Returning to the real world, the last few years have seen an unfortunate tendency whereby Asperger’s has been claimed as a legal defense for everything from parole violations to vandalism and assault. Making that argument is not only legally and medically iffy, but also highly damaging to the advocacy of neurological diversity in general. To be recognized as equal to the neurotypical population we must shoulder the same responsibilities. If Asperger’s is a justifiable excuse for criminal action, what right do we have to demand an equal place in a society of law-abiding human beings?Writing about the Odgren case, blogger Autistic Bitch From Hell characterizes the "Asperger Defense" as a bigoted stereotype, and blogger Harry Williams of The New Republic says, "lock him up and throw away the key." [EDIT: Harry Williams, in a comment below, explains that this is not really his opinion.]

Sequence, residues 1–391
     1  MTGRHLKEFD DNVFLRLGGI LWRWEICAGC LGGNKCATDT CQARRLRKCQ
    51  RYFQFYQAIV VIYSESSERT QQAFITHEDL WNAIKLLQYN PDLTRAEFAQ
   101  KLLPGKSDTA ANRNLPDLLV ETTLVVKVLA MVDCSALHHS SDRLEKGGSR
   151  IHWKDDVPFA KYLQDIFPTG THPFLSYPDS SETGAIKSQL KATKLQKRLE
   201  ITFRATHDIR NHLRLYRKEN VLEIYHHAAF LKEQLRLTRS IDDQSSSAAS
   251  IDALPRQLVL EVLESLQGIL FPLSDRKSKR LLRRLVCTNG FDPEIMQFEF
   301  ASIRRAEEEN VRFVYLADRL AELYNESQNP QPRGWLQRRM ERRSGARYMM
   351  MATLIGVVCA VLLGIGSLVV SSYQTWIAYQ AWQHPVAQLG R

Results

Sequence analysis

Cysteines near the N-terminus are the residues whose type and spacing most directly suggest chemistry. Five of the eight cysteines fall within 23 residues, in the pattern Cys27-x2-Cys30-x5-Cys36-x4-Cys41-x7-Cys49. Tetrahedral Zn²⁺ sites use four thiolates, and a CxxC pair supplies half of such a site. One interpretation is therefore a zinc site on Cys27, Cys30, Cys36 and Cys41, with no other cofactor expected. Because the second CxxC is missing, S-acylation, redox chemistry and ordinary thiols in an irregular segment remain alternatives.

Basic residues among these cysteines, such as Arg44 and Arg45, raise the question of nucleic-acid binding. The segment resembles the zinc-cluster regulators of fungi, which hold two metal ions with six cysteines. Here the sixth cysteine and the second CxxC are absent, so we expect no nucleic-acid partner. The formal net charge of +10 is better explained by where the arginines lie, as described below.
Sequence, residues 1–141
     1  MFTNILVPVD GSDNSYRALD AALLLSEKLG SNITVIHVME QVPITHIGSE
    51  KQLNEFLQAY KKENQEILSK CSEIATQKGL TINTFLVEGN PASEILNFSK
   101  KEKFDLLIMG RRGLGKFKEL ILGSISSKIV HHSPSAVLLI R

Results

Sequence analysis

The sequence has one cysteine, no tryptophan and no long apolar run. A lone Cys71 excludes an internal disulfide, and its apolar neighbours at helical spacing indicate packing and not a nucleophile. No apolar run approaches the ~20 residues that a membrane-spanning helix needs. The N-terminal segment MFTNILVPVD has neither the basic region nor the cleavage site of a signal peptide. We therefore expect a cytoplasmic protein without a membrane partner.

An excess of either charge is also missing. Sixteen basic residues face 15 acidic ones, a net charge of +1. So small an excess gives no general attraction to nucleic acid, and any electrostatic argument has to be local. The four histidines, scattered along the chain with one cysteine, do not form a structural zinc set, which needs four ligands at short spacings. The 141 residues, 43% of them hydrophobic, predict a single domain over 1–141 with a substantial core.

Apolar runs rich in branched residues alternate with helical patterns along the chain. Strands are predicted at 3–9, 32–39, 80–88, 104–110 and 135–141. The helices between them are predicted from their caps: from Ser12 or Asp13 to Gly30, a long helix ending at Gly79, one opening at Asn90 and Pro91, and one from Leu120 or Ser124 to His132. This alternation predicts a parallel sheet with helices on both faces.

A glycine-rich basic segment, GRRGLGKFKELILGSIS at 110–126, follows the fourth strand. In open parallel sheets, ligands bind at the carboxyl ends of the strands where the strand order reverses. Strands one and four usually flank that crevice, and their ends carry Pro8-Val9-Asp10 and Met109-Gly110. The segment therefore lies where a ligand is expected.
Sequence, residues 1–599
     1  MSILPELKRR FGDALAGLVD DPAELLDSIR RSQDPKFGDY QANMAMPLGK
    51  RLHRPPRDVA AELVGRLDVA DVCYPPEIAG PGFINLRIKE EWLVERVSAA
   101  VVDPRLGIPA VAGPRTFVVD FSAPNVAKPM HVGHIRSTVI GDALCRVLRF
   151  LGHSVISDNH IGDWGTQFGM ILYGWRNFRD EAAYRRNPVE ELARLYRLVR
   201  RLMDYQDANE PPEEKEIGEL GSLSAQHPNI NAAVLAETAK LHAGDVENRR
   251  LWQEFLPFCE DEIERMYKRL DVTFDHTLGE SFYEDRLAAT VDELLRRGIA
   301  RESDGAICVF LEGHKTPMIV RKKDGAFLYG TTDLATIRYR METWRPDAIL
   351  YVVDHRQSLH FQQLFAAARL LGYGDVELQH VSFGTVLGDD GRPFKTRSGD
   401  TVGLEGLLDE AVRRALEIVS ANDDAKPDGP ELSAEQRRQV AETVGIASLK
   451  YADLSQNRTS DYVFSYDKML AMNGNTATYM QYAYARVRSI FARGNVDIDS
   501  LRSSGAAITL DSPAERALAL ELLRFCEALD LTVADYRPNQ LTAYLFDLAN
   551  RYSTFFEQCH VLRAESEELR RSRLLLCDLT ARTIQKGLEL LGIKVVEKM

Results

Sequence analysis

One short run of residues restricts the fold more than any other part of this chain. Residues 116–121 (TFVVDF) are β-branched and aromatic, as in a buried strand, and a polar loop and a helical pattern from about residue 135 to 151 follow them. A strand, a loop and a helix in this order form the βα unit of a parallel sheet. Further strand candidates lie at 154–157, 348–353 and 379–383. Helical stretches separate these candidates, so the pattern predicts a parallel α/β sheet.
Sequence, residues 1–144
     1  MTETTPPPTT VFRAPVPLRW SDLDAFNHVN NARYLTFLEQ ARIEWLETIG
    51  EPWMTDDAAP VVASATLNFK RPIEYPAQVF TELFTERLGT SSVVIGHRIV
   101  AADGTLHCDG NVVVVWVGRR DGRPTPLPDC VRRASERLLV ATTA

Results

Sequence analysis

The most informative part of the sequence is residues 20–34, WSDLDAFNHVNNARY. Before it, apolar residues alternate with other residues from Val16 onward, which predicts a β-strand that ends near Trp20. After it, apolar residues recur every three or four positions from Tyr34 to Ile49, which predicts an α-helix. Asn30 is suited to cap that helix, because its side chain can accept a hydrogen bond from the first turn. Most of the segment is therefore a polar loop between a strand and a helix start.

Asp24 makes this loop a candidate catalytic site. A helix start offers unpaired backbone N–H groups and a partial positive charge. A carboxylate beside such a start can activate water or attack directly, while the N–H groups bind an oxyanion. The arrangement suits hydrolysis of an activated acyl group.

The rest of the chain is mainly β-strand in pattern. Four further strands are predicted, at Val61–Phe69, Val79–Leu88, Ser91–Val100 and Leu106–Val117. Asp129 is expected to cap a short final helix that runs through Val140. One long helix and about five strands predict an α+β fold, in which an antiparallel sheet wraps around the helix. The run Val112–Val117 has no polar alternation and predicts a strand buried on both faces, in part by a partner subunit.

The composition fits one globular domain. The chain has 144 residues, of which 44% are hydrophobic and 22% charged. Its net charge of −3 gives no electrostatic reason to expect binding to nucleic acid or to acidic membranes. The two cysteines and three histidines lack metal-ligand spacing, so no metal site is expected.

There is a legitimate concern that the use of the "Asperger Defense" creates a false impression that people with autistic spectrum disorders tend to be violent criminals. But this doesn't mean that a defendant's autistic spectrum condition could never absolve him of criminal responsibility. The case of William Cottrell is a good example. Cottrell was involved with a group of so-called eco-terrorists who burned up a bunch of SUV's at car dealerships. He was convicted of arson and conspiracy to commit arson. A federal appeals court overturned his arson conviction because the trial judge excluded evidence that Cottrell had Asperger's. Because the arson conviction could have been based on a theory of aiding and abetting, a specific intent crime, the Ninth Circuit held that the exclusion of the evidence was error. "To the extent that the Asperger’s evidence was aimed at defeating an inference of Cottrell’s intent from the circumstances, it was relevant and could have assisted the jury’s determination of whether Cottrell had the specific intent required for aiding and abetting. The exclusion of that evidence was thus an abuse of discretion." United States v. Cottrell, No. 05-50307 (9th Cir. Sept. 8, 2009).